The trouble with blame is that we sometimes believe that we are entitled to it… and we might even be right. But, how can blame possibly help us (to quote Dr Phil: ‘how’s that working for ya’)? The most bitter, unhappy people I come across are always the most determined blamers. The fact is, the two go hand in hand: bitterness and blame. So, can combining yes-but with excuse-making and blame lead us to be more powerful? Well, yes, actually, it can… in the worst possible way! There is no way to compromise or reason with an accomplished blamer, and dealing with a yes-butting excuse-maker is exhausting and joyless – and we are unlikely to win. It is not the kind of power we want, or can grow through, as it belongs to the loveless and dark world of hopelessness, inertia, lack of positive ambition and dead energy… not the place to aspire to be!
Powerful thinking versus powerless thinking!
The fact is, it is impossible to think and feel in a more powerful way if we are consistently indulging in yes-buts, excuse making, and/or blame… and the best way to avoid allowing this stuff to become habitual is to learn how to respond, rather than react! If we are able to stop before we blow-up, sound off, or immediately go to our default setting, (taking a deep breath or two!), we can be in a position to decide how we are going to proceed… which means we will be responding, rather than reacting. This is good for improved mental and emotional power, and is much more likely to lead to a more productive outcome. Okay, it won’t always be easy, but if we are willing to keep practising we will eventually succeed more times than we fail. And over time it will become more natural to us to respond rather than react… which in turn will work wonders for our anxiety levels and our self-esteem!
Personal power comes from personal responsibility!
We can’t expect to have any sense of personal power if we consistently blame others for our problems and unhappiness… even if they were guilty! We are screwing up our own future every time we excuse ourselves by blaming someone else for the way our life is now. Blaming is a neat but destructive way of avoiding personal responsibility, and puts us in victim mode. The truth is, it is possible to be a victim without being a victim, if you see what I mean! I have witnessed innocent individuals being miserably crushed by bitter blamers, and families torn apart because one or more of them can’t let go of the past. I have seen relationships destroyed, and mental and physical health seriously eroded. And the only possible outcome to blaming is… more blame!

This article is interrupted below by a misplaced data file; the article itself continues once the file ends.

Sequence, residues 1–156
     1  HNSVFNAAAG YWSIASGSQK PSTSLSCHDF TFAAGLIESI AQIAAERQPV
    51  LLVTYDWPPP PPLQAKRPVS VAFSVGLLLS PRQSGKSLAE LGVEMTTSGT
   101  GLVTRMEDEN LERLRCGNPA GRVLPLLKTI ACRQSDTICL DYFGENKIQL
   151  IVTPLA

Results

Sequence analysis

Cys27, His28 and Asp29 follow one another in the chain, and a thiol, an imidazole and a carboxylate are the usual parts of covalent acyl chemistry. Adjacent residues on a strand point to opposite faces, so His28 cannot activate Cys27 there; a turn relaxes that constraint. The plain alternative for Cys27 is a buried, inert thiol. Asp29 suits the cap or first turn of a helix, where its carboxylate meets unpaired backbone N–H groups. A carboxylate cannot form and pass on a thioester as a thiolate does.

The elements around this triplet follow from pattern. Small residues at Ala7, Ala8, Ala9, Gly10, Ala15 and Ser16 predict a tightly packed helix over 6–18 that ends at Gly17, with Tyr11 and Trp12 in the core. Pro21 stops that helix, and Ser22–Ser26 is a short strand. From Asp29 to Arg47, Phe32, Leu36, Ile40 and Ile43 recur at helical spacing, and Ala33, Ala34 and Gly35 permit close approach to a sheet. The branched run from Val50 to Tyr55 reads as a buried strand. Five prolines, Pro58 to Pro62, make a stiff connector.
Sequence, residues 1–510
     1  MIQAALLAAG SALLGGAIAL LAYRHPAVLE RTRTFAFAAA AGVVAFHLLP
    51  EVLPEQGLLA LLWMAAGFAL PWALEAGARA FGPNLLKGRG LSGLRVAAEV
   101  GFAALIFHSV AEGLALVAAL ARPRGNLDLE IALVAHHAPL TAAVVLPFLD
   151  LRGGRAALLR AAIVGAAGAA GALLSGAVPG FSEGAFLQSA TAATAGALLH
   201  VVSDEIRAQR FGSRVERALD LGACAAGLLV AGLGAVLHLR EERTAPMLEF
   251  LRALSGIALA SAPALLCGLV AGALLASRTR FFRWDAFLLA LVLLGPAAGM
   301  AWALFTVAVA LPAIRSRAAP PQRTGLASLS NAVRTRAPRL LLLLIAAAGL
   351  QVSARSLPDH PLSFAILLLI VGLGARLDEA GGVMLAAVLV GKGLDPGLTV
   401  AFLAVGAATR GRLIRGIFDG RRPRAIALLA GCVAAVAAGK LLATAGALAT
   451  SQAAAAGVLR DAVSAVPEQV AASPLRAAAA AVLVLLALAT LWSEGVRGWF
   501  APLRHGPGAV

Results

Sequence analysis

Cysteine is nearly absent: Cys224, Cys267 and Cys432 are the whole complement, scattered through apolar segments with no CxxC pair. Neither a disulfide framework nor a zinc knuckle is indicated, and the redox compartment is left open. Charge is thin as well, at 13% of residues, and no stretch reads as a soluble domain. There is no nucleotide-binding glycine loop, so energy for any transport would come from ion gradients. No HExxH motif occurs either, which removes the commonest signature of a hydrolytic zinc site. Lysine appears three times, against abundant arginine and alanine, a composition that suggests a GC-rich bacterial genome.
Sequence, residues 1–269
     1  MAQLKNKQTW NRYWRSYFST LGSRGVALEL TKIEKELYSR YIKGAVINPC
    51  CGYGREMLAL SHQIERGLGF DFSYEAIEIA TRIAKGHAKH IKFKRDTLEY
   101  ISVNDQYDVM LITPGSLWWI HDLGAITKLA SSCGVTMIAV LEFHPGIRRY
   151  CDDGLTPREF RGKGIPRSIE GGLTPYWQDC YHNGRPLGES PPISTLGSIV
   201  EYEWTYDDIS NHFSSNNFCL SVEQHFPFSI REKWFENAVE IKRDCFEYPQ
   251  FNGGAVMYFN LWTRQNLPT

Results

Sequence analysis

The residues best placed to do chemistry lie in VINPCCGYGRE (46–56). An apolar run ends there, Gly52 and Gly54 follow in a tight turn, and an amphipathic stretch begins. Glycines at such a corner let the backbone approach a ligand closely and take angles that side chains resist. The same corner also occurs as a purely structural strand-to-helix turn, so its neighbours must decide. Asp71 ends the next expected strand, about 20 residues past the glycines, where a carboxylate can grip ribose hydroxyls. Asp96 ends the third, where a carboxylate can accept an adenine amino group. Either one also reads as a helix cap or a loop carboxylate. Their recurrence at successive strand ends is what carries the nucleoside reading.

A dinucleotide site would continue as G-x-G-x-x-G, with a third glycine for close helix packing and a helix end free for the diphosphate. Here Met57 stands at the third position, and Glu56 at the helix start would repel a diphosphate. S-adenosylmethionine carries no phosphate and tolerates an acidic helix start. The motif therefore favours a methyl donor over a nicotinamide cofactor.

Stay present, and keep a sense of perspective!
So, how do we train ourselves to consistently feel more powerful in our own lives?
By staying present as often as possible!
By being consciously aware of what is going on in our own mind more often than we aren’t!
By retaining a sense of perspective!
By reminding ourselves that our job is to take care of our own crap before trying to change someone else’s!
By accepting that, just because someone else did something to us that was neglectful, selfish, cruel or abusive, they don’t have any control over how we use our own mind, what we choose to think, and how we decide to behave – in the here-and-NOW!
By taking into account all of the good stuff we have going on, and being appreciative of every little positive step that is made by ourselves, and/or those connected to us.
By having interesting dreams and ambitions for a future we are now in the process of creating!
Be patient… change takes time and effort.
If you feel that some or all of what I have said today resonates with you, and you decide that you would really like to address a few things, then take the first step… but be patient. The roots of old beliefs and habits can run deeply, and our mind is conditioned to run and re-run the familiar programmes… so expect some degree of internal resistance – and don’t give up!
I changed my own attachment to a certain set of painful thoughts and feelings by determinedly interrupting the pattern, over and over again. Every time my mind re-played that darned unhappy movie, I deliberately distracted myself (often by singing one particular song, either in my head or out loud, dependent upon where I was!) – and it worked, over time! If I had to do it 100 times a day I did, because I honestly couldn’t bear to end up living with bitterness and feelings of powerlessness. And it is something I am still consciously aware of right now, and every day of my life; I don’t want anyone or anything else having negative, destructive control over how I think and feel, and how I approach my life. Is it easy? No, not all of the time. Do I always succeed? No, I don’t. However, I am definitely in a much better head-space than I used to be, and I find that dramas settle down much more quickly than they used to… and that a certain type of person is less present in my life than in the past. Upsets and injustices will still occur every now and then for all of us, because this is life on planet Earth; however, they will no longer have the insidious control they once had – if we grab those reins and take back the power!